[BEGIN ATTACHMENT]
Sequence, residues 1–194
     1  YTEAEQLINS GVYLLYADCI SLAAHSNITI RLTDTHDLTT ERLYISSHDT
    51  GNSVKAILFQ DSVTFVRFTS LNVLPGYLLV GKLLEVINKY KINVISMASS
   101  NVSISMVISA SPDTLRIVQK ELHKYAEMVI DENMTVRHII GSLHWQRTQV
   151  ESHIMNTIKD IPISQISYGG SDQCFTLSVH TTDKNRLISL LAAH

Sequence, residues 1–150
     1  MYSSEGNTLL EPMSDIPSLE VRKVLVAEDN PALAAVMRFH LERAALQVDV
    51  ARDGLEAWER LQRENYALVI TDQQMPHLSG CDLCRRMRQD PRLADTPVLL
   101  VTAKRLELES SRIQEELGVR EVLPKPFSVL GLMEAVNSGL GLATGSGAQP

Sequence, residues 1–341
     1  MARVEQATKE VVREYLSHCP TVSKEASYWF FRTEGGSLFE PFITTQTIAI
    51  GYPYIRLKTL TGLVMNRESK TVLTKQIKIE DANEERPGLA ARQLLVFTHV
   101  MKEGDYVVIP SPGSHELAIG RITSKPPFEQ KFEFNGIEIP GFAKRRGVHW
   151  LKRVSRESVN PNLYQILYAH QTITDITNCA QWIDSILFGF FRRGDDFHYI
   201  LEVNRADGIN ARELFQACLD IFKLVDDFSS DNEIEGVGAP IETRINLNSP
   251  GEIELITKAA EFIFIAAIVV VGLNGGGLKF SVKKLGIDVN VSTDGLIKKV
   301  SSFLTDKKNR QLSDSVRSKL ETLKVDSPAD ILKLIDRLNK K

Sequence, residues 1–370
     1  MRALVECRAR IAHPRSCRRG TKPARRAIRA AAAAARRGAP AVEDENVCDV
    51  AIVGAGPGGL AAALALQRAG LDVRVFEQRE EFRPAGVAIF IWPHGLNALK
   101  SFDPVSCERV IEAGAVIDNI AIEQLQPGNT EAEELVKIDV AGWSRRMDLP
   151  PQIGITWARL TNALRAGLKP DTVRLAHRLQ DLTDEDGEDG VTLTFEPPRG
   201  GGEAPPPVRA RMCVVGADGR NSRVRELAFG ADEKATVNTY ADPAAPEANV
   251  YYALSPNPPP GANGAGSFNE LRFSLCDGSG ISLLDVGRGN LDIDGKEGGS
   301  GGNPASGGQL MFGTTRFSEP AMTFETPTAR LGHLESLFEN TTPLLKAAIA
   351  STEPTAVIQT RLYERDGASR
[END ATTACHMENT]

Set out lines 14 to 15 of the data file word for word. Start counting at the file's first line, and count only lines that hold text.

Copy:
   151  LKRVSRESVN PNLYQILYAH QTITDITNCA QWIDSILFGF FRRGDDFHYI
   201  LEVNRADGIN ARELFQACLD IFKLVDDFSS DNEIEGVGAP IETRINLNSP